Canada takes its $3 billion video game industry seriously as it pushes sector to new levels

Submitted on Mon, 03/13/2017 - 13:13

SAN FRANCISCO — In the hustle and bustle of downtown San Francisco, the Game Developers Conference (GDC) takes place each March at the Moscone Center and surrounding city blocks. Sessions by industry members teach new tricks to those who make video games, business meetings take place behind closed doors and two large expo floors are filled with booths from companies small and large.

In one corner, for the second year in a row, a Canadian takeover took place with rows of independent game studios all showing off their new titles — and taking a shot at stardom. Being there is only half the battle, however. A key element of their success is a makeshift Canadian pavilion, staffed by members of the Trade Commissioner Service (TCS) who work with the studios to identify their objectives and arrange meetings with publishers from other countries through its large trade network in hopes of generating exports. For many studios, these connections, together with financing through the Canada Media Fund, can help their games go international.

“The world owes a little bit of a debt to the Canadian government for what the Canada Media Fund has done in helping jump-start a lot of really amazing games,” said Seattle-based Chris Charla, director of Microsoft Corp.’s independent developer program for Xbox. “The government support for video games in Canada has been tremendous and the net result is that Canadian games are by far some of the best in the world.”

The TCS, which works with other sectors, has been involved with GDC but in a smaller capacity, since 2008. At the GDC, decision-makers from around the world gather in one place. In the past two years, a Canadian booth and separate rooms have been set aside for meetings that the TCS helps set up in advance or right on the show floor.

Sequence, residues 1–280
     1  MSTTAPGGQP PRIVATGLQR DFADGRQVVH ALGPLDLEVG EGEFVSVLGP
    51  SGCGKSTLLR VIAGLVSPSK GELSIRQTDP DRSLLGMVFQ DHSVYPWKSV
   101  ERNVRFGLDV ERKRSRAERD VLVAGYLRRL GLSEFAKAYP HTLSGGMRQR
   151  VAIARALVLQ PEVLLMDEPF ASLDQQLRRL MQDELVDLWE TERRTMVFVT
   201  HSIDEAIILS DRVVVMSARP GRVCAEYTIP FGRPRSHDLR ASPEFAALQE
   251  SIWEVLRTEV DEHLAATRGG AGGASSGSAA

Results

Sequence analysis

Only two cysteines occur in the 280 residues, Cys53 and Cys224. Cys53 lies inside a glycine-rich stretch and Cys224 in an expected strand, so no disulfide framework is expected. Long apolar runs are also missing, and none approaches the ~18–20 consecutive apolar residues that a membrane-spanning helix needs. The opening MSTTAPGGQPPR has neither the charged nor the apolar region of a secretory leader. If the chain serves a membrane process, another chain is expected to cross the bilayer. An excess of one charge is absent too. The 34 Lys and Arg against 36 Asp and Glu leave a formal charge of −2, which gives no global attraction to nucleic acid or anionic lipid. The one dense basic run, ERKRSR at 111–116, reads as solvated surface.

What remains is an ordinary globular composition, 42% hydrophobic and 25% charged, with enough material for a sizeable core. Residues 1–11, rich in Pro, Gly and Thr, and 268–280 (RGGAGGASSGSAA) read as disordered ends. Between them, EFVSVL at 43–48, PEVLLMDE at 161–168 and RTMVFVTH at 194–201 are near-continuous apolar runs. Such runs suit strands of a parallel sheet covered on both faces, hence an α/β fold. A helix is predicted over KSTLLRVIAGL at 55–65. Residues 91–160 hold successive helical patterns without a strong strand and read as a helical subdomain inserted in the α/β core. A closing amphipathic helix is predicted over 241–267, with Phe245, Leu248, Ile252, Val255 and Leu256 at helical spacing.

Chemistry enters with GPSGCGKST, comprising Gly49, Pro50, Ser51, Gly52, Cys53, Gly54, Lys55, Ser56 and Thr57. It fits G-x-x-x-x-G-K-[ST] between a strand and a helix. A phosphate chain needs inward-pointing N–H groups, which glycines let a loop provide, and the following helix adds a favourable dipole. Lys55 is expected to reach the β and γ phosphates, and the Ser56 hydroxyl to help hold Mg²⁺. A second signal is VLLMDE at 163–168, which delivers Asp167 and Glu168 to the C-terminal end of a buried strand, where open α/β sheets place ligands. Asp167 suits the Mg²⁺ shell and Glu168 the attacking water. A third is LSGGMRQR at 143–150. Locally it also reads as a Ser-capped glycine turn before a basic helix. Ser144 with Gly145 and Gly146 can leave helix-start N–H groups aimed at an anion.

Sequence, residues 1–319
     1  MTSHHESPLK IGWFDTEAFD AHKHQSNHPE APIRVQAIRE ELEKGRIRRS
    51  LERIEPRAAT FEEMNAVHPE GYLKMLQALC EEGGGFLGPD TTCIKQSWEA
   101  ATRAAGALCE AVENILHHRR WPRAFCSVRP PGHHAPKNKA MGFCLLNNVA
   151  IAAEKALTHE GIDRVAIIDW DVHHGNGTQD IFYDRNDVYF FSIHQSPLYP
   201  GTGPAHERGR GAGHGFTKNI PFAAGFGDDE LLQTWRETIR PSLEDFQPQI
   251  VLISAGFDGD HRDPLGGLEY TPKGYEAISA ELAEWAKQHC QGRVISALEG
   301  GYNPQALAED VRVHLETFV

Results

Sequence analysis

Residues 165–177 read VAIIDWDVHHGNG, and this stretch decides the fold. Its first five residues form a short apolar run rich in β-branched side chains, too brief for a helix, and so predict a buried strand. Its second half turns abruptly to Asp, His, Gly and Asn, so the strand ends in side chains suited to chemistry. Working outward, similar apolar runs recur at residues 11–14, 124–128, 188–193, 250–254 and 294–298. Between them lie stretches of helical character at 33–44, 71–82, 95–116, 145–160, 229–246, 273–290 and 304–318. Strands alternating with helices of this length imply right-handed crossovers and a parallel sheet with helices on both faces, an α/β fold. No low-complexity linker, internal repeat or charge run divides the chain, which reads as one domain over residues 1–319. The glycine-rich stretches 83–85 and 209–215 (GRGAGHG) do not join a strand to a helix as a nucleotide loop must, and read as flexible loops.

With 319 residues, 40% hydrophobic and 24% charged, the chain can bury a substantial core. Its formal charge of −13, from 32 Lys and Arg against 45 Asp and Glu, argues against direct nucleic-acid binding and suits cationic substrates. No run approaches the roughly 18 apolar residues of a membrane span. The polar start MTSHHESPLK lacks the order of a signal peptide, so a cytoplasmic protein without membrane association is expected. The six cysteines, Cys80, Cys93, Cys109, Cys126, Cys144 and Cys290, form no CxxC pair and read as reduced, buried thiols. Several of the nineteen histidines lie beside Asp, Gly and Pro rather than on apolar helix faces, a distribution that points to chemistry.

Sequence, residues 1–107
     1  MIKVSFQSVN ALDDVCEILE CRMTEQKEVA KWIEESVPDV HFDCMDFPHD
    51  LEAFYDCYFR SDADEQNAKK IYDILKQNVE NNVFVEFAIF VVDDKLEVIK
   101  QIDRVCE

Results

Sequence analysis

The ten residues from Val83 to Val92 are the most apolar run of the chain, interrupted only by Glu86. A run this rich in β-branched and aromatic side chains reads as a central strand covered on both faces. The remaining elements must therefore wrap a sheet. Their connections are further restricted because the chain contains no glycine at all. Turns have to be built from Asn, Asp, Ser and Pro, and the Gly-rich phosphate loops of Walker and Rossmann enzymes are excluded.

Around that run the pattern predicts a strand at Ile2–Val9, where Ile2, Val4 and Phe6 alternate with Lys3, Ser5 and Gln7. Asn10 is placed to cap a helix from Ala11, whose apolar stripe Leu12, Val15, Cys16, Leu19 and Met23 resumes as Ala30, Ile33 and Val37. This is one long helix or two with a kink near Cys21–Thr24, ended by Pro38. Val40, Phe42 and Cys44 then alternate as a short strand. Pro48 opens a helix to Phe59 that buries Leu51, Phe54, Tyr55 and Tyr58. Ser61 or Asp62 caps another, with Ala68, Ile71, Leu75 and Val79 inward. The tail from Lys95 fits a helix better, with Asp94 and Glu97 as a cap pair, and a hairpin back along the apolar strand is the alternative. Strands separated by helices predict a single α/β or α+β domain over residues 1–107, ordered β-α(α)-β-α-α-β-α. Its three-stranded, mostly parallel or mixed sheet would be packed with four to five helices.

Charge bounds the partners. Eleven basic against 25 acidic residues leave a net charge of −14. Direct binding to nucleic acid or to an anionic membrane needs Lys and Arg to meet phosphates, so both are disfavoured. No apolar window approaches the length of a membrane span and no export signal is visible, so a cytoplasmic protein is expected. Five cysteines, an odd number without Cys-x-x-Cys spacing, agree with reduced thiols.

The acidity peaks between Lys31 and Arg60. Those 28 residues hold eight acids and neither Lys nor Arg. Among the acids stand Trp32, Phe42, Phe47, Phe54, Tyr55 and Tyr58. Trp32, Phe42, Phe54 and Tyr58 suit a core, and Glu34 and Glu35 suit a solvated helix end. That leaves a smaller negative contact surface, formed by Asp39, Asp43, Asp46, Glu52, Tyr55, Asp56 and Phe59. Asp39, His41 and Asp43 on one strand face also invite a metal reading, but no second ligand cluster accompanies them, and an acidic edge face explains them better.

Canada ranks third in the world for developing video games, behind the U.S. and Japan, according to the Entertainment Software Association of Canada. Last year, the industry employed 20,400 people in more than 470 studios and contributed $3 billion to the country’s GDP. Canada — a country known for its tech savviness and high mobile adoption rates — now has the leading countries in its sights in terms of becoming a gaming powerhouse.

On a federal level, the Canada Media Fund acts like a loan and helps develop, promote and finance projects. Tax credits can also help cut labour costs by 17.5 to 50 per cent. All told, there is a 30.6-per-cent cost advantage when compared to the U.S., according to a recent KPMG study.

There are additional provincial tax incentives in places such as Quebec, B.C. and Atlantic Canada — all of which were present at GDC — and funding to help give recent graduates work out of school.